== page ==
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Important elements in a slip-and-fall case

No one is immune from taking a tumble now and then. Most often, you get back up with little more damage than a scrape or bruise. Occasionally, you may crack your elbow or twist your ankle. The incident may even become something you laugh about as time goes by.

However, slip-and-fall accidents also have the potential for causing critical injuries. A hard fall onto your back, head or stomach can result in life-changing or life-threatening injuries, such as brain trauma, spinal cord damage or internal bleeding. Even if the fall occurred in a public place or on someone else's property, you may be tempted to shrug it off as your own clumsiness or just bad luck. However, under certain conditions, the owner or manager of the property may carry some liability.

Proving negligence

Pursuing a personal injury claim against a property owner after you suffer injuries in a fall may not be easy. It requires you to demonstrate the liability of the owner by proving any of the following factors:

  • The owner of the property or a representative (for example, a property manager or store manager) knew about the hazard but took no steps to repair or remove it.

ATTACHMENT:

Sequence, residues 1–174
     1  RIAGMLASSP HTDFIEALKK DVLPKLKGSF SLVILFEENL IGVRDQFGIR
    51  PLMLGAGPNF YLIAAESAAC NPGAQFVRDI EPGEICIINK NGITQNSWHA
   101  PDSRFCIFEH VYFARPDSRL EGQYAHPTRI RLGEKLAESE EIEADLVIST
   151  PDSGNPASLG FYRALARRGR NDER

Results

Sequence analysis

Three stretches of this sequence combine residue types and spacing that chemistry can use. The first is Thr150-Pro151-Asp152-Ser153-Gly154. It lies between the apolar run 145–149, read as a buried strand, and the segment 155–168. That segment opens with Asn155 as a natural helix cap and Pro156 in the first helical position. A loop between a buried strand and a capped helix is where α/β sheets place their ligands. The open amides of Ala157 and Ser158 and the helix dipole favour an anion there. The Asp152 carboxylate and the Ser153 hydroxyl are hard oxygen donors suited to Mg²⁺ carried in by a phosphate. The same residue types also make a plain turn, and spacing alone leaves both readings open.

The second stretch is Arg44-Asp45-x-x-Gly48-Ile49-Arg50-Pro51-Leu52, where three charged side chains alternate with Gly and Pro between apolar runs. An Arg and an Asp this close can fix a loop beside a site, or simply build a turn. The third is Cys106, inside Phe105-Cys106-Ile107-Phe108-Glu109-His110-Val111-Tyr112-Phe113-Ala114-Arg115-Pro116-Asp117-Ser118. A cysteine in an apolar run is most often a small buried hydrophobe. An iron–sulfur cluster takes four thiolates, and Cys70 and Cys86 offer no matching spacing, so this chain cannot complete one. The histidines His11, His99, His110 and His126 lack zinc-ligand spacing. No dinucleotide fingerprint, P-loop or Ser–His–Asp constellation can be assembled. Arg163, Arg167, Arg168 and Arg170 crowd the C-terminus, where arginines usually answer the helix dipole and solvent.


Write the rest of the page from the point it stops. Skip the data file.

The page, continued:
• The owner or manager of the property was directly responsible for the hazardous condition.
  • The owner or manager of the property did not know about the hazard but should have known in the course of his or her duties.

It may be difficult to prove that someone should have been aware of the dangerous condition and that the owner's actions were unreasonable in attending to the problem that resulted in your fall and injuries. For example, a property owner who knew for months that a situation was becoming hazardous but did nothing to mitigate it may have acted unreasonably. On the other hand, if the issue had occurred only hours before you arrived, the owner may not hold as much liability for your injuries.

How much responsibility is yours?

Among the many contingencies and factors a California civil court will examine will also include your personal responsibility. You may have to prove that you had a legitimate reason for being on the property and that you exercised every care and precaution. For example, if you fell while running around a swimming pool or in an area that was clearly marked by signs and barricades, the court may decide that you carry a portion of the fault for your injuries.

Seeking advice and assistance from an attorney can help you determine if you have cause for pursuing a case against a negligent property owner.

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